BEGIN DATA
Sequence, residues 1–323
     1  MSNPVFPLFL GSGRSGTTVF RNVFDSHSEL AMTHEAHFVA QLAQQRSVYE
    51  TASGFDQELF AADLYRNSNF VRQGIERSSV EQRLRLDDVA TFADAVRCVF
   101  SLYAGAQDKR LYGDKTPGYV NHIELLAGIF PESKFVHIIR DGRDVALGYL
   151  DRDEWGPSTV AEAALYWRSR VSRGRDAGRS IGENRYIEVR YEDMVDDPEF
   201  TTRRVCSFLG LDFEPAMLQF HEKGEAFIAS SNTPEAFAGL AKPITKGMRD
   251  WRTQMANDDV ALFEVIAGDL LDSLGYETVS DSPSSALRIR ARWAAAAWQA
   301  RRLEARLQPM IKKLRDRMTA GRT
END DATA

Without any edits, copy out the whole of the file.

Sequence, residues 1–323
     1  MSNPVFPLFL GSGRSGTTVF RNVFDSHSEL AMTHEAHFVA QLAQQRSVYE
    51  TASGFDQELF AADLYRNSNF VRQGIERSSV EQRLRLDDVA TFADAVRCVF
   101  SLYAGAQDKR LYGDKTPGYV NHIELLAGIF PESKFVHIIR DGRDVALGYL
   151  DRDEWGPSTV AEAALYWRSR VSRGRDAGRS IGENRYIEVR YEDMVDDPEF
   201  TTRRVCSFLG LDFEPAMLQF HEKGEAFIAS SNTPEAFAGL AKPITKGMRD
   251  WRTQMANDDV ALFEVIAGDL LDSLGYETVS DSPSSALRIR ARWAAAAWQA
   301  RRLEARLQPM IKKLRDRMTA GRT